In this post I contrast Smith’s approach to that of John Bellamy Foster, a writer on “ecological Marxism” and editor of Monthly Review, and comment on a review of Smith’s book by Andrew Burgin, a UK-based socialist activist. It’s in the form of five questions.

 

  1. Does the Chinese elite’s support for renewable electricity generation show that it is leading the way to an “ecological civilisation”?

The Chinese coal-fired boom of the last 20 years has made a substantial contribution to the climate and ecological emergency – and yet prominent “ecosocialists”, without Read the rest of this entry »


Belarus: ‘without organisation, without struggle, the oppressive unfreedom will never disappear’

August 14, 2020

The revolt against the authoritarian regime in Belarus has spread from the city streets, where thousands of protesters have been battling with police, to the workplaces. On Thursday 13 August workers at large enterprises – including chemical and food factories, and construction and transport companies – downed tools in protest at the monstrous surge of police violence and arrests. People are quitting the state-supported trade unions. Films and photographs of workers’ meetings, at which participants denounced police violence and the fraudulent election results, are spreading like wildfire across social media. Womens’ organisations are taking to the streets – against a president whose fury was provoked, especially, by the support for Svetlana Tikhonovskaya, the woman who dared to stand against him for election. Here are two appeals by independent trade union organisations that were published yesterday. Please share and re-post. GL.

Open Appeal by the Belarusian Independent Trade Union to workers

Dear Belarusians,

The authorities’ actions – in falsifying the election results, breaching human rights, instigating mass arrests and beatings of peaceful protesters and passers-by across the whole country – could all lead to irreversible consequences for Belarus. We are hearing ever-louder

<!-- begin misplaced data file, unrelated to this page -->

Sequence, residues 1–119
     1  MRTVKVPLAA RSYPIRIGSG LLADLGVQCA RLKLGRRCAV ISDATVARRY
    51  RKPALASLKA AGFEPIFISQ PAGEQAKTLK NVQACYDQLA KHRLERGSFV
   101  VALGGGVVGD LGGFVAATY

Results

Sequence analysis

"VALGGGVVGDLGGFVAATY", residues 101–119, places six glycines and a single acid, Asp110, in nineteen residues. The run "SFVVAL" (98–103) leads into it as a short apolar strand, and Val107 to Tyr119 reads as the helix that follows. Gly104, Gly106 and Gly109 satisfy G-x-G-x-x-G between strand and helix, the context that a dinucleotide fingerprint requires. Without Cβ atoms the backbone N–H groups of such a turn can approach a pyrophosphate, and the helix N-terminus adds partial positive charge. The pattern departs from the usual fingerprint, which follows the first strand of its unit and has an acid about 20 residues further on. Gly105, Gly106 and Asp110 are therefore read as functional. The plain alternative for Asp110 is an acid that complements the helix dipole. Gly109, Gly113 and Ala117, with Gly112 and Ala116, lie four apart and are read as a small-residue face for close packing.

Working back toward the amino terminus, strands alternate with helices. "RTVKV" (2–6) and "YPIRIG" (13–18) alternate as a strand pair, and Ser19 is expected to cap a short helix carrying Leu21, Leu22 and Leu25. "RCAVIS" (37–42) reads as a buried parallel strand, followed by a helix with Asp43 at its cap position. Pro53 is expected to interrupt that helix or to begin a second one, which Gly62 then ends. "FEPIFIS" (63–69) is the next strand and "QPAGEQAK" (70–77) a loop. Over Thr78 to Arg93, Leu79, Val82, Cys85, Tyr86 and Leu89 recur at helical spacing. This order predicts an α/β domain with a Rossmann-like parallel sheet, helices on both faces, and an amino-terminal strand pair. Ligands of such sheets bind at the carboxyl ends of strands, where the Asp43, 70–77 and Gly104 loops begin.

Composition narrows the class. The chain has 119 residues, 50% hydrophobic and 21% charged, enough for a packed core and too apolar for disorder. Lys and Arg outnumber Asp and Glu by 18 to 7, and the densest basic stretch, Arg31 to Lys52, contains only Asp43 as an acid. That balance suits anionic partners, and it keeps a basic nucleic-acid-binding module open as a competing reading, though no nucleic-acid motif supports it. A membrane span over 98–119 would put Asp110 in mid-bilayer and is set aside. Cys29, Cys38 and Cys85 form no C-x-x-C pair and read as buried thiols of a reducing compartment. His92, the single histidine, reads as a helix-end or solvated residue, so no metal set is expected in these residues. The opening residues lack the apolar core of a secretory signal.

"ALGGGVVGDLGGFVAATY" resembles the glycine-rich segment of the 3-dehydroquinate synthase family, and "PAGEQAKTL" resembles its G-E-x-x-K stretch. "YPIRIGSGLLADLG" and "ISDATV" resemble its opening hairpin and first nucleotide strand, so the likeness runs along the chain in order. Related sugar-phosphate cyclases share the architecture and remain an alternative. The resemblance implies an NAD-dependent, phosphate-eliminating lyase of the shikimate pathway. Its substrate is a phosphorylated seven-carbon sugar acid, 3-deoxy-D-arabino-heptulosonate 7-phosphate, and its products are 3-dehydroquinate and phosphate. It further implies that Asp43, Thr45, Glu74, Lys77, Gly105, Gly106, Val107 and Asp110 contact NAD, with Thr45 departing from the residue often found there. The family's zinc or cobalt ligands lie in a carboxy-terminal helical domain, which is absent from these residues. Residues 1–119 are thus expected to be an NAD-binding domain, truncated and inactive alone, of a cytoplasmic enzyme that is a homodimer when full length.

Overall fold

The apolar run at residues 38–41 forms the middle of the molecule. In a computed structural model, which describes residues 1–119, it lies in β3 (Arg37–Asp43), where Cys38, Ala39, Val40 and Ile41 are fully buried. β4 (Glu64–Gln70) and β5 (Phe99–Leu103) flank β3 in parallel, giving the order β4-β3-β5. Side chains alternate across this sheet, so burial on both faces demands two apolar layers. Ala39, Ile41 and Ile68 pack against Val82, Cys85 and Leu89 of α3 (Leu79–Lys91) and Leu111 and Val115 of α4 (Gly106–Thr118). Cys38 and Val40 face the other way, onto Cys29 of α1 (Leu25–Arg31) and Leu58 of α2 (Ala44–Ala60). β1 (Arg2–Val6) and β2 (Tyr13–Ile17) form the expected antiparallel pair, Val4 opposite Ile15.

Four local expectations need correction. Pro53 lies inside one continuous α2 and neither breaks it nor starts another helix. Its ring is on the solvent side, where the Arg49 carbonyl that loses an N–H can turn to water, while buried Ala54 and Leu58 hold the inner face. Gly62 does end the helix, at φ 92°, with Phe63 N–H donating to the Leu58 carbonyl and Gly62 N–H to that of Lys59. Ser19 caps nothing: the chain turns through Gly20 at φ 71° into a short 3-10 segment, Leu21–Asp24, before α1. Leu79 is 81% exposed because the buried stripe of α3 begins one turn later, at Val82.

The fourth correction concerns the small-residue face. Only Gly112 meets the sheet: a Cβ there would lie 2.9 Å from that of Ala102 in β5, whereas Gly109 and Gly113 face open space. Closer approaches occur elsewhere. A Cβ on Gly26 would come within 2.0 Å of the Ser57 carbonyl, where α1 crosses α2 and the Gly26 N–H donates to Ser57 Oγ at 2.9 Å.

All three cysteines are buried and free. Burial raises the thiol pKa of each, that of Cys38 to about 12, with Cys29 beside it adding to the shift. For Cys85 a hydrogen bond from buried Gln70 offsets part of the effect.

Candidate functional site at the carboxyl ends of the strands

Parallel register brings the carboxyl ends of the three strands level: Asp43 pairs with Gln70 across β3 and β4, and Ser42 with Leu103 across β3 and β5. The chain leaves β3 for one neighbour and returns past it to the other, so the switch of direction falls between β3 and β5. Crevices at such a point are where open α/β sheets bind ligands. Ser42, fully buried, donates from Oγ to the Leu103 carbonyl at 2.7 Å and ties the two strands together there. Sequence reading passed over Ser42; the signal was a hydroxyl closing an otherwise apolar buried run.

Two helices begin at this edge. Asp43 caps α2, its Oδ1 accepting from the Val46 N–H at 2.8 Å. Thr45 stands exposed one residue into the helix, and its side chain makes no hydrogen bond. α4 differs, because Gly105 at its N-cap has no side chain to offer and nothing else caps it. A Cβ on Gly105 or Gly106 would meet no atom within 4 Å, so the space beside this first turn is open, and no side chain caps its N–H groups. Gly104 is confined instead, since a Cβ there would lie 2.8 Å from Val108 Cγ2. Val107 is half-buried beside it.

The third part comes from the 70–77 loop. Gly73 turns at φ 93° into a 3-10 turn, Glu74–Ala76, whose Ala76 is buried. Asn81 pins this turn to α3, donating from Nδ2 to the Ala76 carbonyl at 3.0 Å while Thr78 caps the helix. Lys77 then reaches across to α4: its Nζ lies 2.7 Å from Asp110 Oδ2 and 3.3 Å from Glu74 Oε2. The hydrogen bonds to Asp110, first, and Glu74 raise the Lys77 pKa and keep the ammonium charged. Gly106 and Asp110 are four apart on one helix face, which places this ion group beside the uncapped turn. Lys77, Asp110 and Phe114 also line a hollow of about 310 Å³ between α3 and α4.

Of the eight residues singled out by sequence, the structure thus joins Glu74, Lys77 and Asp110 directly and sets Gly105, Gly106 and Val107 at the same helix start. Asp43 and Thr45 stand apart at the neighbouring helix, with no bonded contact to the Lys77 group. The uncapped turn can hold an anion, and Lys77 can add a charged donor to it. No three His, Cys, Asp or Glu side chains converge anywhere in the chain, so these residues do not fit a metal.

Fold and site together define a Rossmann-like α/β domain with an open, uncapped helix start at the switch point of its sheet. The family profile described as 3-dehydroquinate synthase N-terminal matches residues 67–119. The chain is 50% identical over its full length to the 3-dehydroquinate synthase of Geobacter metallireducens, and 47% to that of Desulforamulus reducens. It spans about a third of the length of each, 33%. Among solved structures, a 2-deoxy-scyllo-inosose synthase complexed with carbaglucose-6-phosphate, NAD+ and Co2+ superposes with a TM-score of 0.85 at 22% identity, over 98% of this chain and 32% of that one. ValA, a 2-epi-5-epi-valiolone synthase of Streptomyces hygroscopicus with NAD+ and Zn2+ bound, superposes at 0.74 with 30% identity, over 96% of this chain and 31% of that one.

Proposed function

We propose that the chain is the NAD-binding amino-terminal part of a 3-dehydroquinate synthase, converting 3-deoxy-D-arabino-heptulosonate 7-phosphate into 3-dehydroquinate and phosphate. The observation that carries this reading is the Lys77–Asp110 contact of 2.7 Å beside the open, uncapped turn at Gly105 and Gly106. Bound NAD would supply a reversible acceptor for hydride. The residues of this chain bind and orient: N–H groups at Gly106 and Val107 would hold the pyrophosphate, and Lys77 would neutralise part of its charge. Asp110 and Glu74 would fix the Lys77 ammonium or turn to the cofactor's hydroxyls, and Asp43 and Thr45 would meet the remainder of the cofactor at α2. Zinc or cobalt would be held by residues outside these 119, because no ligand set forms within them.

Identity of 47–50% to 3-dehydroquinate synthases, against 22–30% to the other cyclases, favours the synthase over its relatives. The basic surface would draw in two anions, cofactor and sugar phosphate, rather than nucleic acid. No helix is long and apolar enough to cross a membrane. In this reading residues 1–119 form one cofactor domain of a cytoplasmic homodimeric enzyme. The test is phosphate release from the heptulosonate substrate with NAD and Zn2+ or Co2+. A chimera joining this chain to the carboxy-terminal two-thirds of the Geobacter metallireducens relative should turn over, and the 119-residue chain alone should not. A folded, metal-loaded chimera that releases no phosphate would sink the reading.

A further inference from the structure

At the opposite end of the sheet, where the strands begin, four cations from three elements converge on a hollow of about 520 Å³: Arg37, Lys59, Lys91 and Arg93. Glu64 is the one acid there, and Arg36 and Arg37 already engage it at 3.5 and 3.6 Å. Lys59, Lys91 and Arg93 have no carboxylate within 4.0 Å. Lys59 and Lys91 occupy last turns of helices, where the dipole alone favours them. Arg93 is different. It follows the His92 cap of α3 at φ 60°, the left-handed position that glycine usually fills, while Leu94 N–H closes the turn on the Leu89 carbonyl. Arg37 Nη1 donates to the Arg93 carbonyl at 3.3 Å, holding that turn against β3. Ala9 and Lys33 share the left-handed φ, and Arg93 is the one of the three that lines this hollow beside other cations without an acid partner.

A factory meeting in Minsk earlier this week

announcements from the European Union and the United States, that they are ready to impose various sanctions, including economic ones, on Belarus as a state that is trampling cynically on the rights and freedoms of its citizens.

Closure of the western markets for our products and services would be a catastrophe for our enterprises. The impact of this would be borne first of all by ordinary workers, who are in a bad enough situation already.

To defend ourselves and our freedom of action at the workplace, we propose the following pattern of simple collective actions:

1. Quit the state’s social organisations, such as the [government-supported] Federation of Belarusian Trade Unions, [the pro-presidential civic-political association] Belaya Rus and the Read the rest of this entry »


China’s coal-fuelled boom: the man who cried “stop”

April 30, 2020

Download this article (and the linked one) as a PDF

“We can no longer act on nature with impunity.” The “classic” model of economic development “poses a threat to humanity’s very existence”. China needs a new development model, based on renewable resources used effectively and sustainably, that will be built on the old model’s ruins.

Deng Yingtao, a high-profile Chinese economist, made this call to action thirty years ago in his book A New Development Model and China’s Future.[1] Its message was ignored by the political leaders it was addressed to. In this review article, I will consider why.

In the 1990s, the Chinese Communist party leadership prioritised expansion of export-focused manufacturing industry. The industrial boom really took off in the 2000s, fuelled by mountains of coal – the classic unsustainable resource.

In every year since 2011, China has consumed more coal than the rest of the world put together;

Steelmaking is one of China’s coal-hungry industries

more coal than the entire world used annually in the early 1980s; and more than twice what all the rich countries together used annually in the mid 1960s, during their own coal-fired boom.[2]

The primary beneficiaries of this economic model are not China’s 1.3 billion people. The big fuel users are in China’s giant east-coast manufacturing belt – which produces, in the first place, energy-intensive goods for export to rich countries: steel bars, cement, chemical products, agricultural fertilisers and electronics products. Household fuel consumption remains extremely low.

This level of fossil fuel use can not go on, not in China and not anywhere else, without courting the most horrendous dangers brought about by global warming.

Deng Yingtao made a compelling argument against going down this road, BEFORE the decisions were made.